Tasmania: Quest for Comics

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JWEE2

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Feb 13, 1997, 3:00:00 AM2/13/97
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Wiped myself out organizing a conference at school and after that, for
a mental health break,I took a vacation in Tasmania. I'd sent a few
copies of this trip journal to comics pals and then realized that this
might be something the folks on this newsgroup would dig.
*****************************************************************
The sort of narrative conceit I had in mind was to distribute my
minicomics, and along the way dig up some Tasmanian comics. It's
relatively isolated....imagine if Oregon or Washington was an
island. Generally creative types -- musicians, writers, graphic
artists...tend to migrate to Melbourne or Sydney...the "big
smoke".
Well, right off the bat lemme tell you it was pretty
grim. Took the ferry over and spent the first two nights in
Launceston, the first settlement in Australia. It's still pretty
small, charming architecture. There's one comic shop,
"Legends", and it's pretty scrawny...probably is geek central
for miles around, the only game in town. They don't take small
press stuff on consignment, but _do_ have a heap of overpriced
back issues. Losers.
The air feels clear, like I'm getting vitamin B-12 just by
breathing or something. I drop a postcard in the mail to Tom Priestley,
my only real local comic contact.

http://www.murchison.com.au/offplanet/

Tom does the Viz-esque (English Viz, not Manga Viz) Inspector
Crikey and Saint Porn. Perhaps appropriate in their English
influence...Tassie has a very European, old-world feel. Anyway, my
efforts to reach him are fruitless throughout the trip.
Next stop Hobart, the regional capital and the southernmost city
in Tasmania. Hobart isn't too far from Port Arthur, as the recent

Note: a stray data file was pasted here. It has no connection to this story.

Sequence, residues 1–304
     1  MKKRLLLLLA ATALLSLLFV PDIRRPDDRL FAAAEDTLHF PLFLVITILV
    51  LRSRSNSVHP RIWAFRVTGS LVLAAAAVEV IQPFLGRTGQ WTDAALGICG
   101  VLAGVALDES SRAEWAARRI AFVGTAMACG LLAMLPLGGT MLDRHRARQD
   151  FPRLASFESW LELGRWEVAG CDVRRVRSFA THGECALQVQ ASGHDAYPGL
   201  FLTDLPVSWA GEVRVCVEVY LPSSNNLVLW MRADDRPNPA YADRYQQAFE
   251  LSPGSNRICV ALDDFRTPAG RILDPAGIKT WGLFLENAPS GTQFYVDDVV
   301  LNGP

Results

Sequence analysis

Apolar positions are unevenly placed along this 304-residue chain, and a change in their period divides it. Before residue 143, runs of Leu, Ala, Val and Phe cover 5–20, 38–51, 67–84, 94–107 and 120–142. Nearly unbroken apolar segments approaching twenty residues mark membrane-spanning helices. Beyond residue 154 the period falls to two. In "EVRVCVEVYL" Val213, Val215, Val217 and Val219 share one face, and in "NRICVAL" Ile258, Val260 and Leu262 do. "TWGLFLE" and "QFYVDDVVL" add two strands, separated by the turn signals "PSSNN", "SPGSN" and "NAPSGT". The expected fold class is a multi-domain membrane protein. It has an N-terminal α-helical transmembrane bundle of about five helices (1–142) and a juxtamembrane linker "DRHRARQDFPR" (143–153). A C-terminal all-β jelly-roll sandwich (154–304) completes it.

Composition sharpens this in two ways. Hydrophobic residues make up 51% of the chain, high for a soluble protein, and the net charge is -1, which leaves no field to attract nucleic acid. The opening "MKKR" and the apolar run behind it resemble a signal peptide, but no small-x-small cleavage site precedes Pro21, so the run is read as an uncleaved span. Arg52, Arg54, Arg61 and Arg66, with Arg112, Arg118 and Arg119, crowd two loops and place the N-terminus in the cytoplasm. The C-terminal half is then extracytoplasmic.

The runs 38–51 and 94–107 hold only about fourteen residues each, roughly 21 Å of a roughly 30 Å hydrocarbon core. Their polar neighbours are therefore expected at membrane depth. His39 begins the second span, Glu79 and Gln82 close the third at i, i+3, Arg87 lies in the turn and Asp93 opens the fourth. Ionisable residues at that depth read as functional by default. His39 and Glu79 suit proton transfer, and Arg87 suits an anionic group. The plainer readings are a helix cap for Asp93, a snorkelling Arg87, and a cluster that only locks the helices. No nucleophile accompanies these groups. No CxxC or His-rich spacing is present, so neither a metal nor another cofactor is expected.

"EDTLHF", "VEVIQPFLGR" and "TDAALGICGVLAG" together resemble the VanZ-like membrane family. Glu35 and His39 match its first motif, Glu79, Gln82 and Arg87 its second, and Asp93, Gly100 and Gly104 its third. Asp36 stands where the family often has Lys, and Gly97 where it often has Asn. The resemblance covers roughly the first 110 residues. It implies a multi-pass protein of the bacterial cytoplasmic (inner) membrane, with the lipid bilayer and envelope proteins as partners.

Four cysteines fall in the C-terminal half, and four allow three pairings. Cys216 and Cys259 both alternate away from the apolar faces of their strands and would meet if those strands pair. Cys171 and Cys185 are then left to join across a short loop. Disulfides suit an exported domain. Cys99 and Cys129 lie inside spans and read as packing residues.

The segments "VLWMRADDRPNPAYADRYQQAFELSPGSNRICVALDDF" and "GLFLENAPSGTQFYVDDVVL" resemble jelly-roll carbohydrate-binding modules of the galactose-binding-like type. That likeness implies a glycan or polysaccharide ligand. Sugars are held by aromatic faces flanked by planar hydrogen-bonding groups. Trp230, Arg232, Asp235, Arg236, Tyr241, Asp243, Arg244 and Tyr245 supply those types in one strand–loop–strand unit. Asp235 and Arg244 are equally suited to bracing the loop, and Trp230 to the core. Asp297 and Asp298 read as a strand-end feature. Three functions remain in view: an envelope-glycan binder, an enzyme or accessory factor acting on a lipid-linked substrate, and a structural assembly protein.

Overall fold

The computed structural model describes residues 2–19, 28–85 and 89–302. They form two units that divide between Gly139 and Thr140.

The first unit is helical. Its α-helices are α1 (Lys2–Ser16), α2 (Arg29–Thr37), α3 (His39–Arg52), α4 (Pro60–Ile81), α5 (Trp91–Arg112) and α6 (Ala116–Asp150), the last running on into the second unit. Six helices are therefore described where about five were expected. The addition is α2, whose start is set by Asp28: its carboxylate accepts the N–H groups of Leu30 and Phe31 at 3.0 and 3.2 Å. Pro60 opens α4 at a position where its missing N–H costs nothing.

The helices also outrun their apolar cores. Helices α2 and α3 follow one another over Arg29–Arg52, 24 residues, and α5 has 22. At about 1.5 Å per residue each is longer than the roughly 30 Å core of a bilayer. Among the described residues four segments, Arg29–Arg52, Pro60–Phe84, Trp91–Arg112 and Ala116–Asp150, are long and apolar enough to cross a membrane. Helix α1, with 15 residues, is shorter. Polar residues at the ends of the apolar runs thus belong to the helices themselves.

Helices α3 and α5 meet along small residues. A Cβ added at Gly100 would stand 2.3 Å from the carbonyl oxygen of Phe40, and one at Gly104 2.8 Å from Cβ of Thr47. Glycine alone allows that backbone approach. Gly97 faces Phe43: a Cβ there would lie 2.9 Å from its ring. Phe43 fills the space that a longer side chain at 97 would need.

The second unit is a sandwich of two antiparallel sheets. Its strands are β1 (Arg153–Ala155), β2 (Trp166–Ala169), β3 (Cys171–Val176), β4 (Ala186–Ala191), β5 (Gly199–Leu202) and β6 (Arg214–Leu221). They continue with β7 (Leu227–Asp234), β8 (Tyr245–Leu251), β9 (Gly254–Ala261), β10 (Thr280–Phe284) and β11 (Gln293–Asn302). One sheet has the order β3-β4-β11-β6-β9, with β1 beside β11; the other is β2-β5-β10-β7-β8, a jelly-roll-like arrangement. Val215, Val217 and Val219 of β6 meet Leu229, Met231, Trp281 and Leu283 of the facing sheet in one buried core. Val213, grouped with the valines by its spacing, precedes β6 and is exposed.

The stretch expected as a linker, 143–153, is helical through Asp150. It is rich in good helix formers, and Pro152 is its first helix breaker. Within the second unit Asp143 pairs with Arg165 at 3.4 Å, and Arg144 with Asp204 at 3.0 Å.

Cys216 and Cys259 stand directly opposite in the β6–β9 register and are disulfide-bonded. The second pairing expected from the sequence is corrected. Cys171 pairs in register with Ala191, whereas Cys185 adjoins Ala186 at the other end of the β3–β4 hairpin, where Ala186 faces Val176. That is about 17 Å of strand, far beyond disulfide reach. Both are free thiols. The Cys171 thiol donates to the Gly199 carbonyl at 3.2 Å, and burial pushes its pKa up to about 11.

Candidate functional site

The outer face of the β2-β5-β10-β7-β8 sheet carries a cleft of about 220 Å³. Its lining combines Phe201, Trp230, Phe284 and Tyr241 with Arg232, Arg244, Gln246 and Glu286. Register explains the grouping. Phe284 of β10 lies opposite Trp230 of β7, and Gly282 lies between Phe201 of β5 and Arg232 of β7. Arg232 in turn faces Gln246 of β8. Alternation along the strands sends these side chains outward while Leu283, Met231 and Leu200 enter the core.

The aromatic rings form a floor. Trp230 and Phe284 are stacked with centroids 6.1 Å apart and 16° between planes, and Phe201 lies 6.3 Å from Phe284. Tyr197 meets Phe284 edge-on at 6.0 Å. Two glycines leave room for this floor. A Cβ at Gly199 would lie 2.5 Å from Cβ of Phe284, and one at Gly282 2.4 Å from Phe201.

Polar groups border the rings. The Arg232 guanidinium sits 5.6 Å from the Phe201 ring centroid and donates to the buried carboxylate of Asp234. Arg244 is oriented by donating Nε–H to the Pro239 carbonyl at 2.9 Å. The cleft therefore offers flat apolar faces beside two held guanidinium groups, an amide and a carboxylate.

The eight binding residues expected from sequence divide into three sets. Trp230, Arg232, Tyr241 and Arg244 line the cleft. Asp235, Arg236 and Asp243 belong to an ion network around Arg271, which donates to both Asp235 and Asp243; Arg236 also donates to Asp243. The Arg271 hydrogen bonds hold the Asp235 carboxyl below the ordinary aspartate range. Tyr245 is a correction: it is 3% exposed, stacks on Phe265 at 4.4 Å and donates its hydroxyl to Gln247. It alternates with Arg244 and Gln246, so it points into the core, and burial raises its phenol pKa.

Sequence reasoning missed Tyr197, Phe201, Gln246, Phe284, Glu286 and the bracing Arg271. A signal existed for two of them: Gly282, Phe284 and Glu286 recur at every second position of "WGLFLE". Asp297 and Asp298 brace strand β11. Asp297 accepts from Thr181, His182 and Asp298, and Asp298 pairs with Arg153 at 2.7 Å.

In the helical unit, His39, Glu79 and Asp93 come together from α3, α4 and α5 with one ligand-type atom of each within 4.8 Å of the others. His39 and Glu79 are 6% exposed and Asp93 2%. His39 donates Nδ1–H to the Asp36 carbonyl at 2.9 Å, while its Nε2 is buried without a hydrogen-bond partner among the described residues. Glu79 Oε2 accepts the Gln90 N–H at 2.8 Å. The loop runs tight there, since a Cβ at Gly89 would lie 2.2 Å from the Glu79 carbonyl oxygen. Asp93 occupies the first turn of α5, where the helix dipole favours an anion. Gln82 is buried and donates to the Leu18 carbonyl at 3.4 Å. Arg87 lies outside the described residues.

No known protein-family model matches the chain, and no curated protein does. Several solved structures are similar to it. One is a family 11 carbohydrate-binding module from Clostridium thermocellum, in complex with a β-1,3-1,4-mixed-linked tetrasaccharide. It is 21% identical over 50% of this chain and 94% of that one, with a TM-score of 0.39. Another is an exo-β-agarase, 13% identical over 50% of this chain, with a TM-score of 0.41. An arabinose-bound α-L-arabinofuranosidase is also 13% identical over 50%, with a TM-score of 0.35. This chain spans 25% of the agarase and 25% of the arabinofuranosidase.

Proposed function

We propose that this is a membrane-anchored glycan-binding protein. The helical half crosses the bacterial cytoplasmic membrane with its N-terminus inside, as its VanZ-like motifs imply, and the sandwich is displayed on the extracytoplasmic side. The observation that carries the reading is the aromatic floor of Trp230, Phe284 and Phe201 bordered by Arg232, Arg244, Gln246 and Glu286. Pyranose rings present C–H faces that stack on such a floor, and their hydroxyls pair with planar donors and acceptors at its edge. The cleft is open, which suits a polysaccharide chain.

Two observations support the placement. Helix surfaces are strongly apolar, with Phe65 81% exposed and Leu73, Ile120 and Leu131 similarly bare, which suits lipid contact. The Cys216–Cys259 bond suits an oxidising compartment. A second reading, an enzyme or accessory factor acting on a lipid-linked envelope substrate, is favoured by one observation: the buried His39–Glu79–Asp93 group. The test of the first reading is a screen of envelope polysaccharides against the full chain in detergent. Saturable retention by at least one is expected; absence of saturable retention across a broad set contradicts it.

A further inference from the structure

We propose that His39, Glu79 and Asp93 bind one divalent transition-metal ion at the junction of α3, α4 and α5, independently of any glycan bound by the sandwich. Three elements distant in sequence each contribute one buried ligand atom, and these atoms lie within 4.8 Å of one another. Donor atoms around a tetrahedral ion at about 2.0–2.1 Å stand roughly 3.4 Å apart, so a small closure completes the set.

sentencing of Martin Bryant reminds me, but I'm not too keen to go.
There's a Tasmanian Devil petting zoo (!) there, but not much else
besides the ruins. A friend of my Melbourne pal Amber

(Big Smoke $2.00 Australian or trade to
Amber Carvan
1 Freeman St.
North Fitzroy
Victoria
3068
Australia)


Ben, shows me around. He's
one of several comics artists who I meet on the trip, who just can't
bring themselves to do a mini.

(Actually, he's just done one!
Tidal Regulator $2.00 Australian or trade to
Ben Ridder
400 Liverpool Street
Hobart, Tasmania
7000
Australia)

Hobart has a fairly decent comic shop,
"Ellison Hawker", with cheaply priced back issues. I'm stoked to
scam a back copy of (A Suivre), after all the talk on the list.
Can't find it in Melbourne, but it's there at the bottom of the world.
The staff are cool and open to mini-comics. I also find a copy of
"Dwelve",a fairly amateurish local comics anthology. It's over two years
old, so I won't print the address.

Ellison Hawker
Sci-Fi and Fantasy Shop
84 Liverpool St., Hobart 7000
Tasmania, Australia
Phone: (002) 31 0271
Fax: (002) 34 5481

I take a trip out to the West coast. Even in summer, Tasmania is
very cold at night, perhaps because there's no continental land mass
between it and the southern ocean. Along the way I spot heaps of
murals, I wish I'd taken more pictures. There's one in Launceston
that I'm killing myself for not taking a picture of, it's very
reminiscent of 1930s American WPA type murals. Tasmania isn't
slathered in advertising, entirely (yet), so local art has a little
space to breathe, perhaps.